I wrote an article on whether a Golden Retriever is a dangerous dog. In it, I clarify what constitutes a reactive, aggressive, and dangerous dog. You can find that article here: Dangerous Dogs: Are Golden Retrievers One of Them?
Of course, growling, baring its teeth, or a lip curl is a flashing neon red sign that the dog wants nothing to do with the child, and it’s communicating this in no uncertain terms.
But often, signals that a dog is uncomfortable with a child can be much more subtle, so it’s essential to read a dog’s body language.
If your Golden Retriever shows any nervousness or anxiety, such as licking its lips or yawning frequently, or its ears are down and tailed tucked, remove your child.
A stiff, rigid posture is also a sign, as is a head turn or snap. Often the head turns, or a snap occurs when a child approaches and touches the dog from behind.
Another possible sign is whale eyes or half-moon eyes. Whale eyes occur when a dog is nervous, and you can see the white portion around the rim or corner of the dog’s eyes.
The third situation that warrants a child not playing with a Golden Retriever is if your dog has gone to its “safe” place. Dogs have, or should have, someplace to go when they are scared, overwhelmed, tired, or feel safe. That place could be their crate, bed, matt, or another area like under a table.
A dog needs to have its own place to go to sleep, feel safe and decompress when it desires. That space needs to be sacred to the dog, which means a child needs to be taught to leave the dog alone when it’s in that space.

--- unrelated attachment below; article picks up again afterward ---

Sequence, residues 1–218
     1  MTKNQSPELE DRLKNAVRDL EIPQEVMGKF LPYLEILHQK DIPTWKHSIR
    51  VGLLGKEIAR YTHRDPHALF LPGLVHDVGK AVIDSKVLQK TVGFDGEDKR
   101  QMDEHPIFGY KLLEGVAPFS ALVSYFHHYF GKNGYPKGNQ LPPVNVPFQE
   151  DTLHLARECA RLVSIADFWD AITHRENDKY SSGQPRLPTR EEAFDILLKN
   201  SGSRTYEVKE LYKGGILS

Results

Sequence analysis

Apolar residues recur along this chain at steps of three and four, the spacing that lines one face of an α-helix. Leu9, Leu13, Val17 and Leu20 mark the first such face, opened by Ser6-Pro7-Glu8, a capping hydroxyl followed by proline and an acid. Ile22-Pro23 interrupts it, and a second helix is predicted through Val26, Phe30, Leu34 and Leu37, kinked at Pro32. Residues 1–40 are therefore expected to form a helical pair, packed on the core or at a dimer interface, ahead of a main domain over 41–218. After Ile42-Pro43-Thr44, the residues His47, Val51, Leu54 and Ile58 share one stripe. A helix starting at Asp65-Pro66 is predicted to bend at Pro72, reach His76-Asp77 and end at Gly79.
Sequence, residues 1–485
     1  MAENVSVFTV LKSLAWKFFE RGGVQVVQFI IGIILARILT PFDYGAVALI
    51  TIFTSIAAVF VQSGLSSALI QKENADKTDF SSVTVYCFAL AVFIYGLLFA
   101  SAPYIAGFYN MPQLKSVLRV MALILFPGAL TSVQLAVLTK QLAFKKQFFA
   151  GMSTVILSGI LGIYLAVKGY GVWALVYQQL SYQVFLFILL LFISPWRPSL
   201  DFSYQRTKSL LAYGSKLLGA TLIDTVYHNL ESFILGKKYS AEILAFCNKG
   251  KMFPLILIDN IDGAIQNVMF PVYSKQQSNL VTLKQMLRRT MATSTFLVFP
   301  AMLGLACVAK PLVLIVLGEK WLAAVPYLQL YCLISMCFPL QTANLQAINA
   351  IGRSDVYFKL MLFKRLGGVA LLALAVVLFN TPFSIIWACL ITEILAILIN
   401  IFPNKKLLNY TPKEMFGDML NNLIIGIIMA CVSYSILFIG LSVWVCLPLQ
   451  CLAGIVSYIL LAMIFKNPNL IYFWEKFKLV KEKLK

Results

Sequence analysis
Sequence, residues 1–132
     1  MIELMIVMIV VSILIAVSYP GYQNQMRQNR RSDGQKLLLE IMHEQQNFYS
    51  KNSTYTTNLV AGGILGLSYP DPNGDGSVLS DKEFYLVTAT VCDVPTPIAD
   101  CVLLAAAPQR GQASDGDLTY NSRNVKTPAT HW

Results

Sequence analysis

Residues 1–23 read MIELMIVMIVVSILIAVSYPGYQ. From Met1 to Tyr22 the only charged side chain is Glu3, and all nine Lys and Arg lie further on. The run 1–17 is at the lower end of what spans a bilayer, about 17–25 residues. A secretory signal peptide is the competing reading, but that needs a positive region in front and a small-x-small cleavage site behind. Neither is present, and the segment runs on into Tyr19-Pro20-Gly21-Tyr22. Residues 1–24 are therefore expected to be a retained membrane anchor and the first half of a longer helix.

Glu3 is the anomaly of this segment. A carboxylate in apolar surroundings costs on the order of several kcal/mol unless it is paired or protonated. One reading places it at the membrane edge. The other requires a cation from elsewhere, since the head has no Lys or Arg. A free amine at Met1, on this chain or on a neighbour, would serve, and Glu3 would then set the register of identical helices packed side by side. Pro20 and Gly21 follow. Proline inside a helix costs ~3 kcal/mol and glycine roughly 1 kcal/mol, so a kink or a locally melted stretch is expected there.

Lastly, if the child is too rough with the dog, it is time to separate them.
It is unreasonable to expect a dog – even one as friendly and gentle as a Golden Retriever – to be a makeshift jungle gym and be climbed on, pulled, and jumped on by a child. A Golden Retriever should not be hit; its tail or ears pulled, climbed on, jumped on, teased, or treated meanly.
I would suspect any adult would become angry if any of that were done to them, so don’t expect a dog to tolerate it. So, it’s the adult’s job to ensure that play is monitored and respectful.
Unfortunately, many children are often bitten by a dog due to inappropriate play and a lack of adult supervision.
Can Golden Retrievers Be Aggressive With Children?
Not to sound like a broken record, but children must always be supervised when playing with a dog. Lack of adult supervision makes it impossible to know if the child and dog are playing appropriately, which is an accident waiting to happen.
While very rare, Golden Retrievers can be aggressive with children. Golden Retrievers are animals, and any animal can become aggressive in certain situations. Common causes are poor breeding, socialization or training, children teasing or being abusive to the dog, and lack of adult supervision.
After all, if a child is mean to a dog and the dog has retreated or issued numerous warnings, but you’re not around to monitor it, then who’s fault is it?
Proper training is necessary – both for the dog and for the children. Children must be taught to be kind and respectful to their dogs.
Children are often noisy and sporadic in their movements, so a Golden Retriever should be gradually introduced to such erratic behaviors so they can become accustomed to a child’s behavior.
A child should be taught how to be gentle around the dog. For example, do not allow roughhousing and no hitting the dog or pulling their hair.
Teach your child not to engage the dog when eating and not bother the dog when it needs time to decompress or sleep. Monitor how your child does around the dog to make sure no problems arise later on.
Of course, your Golden Retriever needs to be trained as well.
Bite inhibition training is the most critical element in your puppy’s education. Basic obedience for your dog is also a must to ensure a respectful animal. It would be best to teach your Golden Retriever not to jump up on people and not take things without permission, especially from hands.
What better way to end this topic, than a quote from the Canadian Kennel Club, that sums it up best.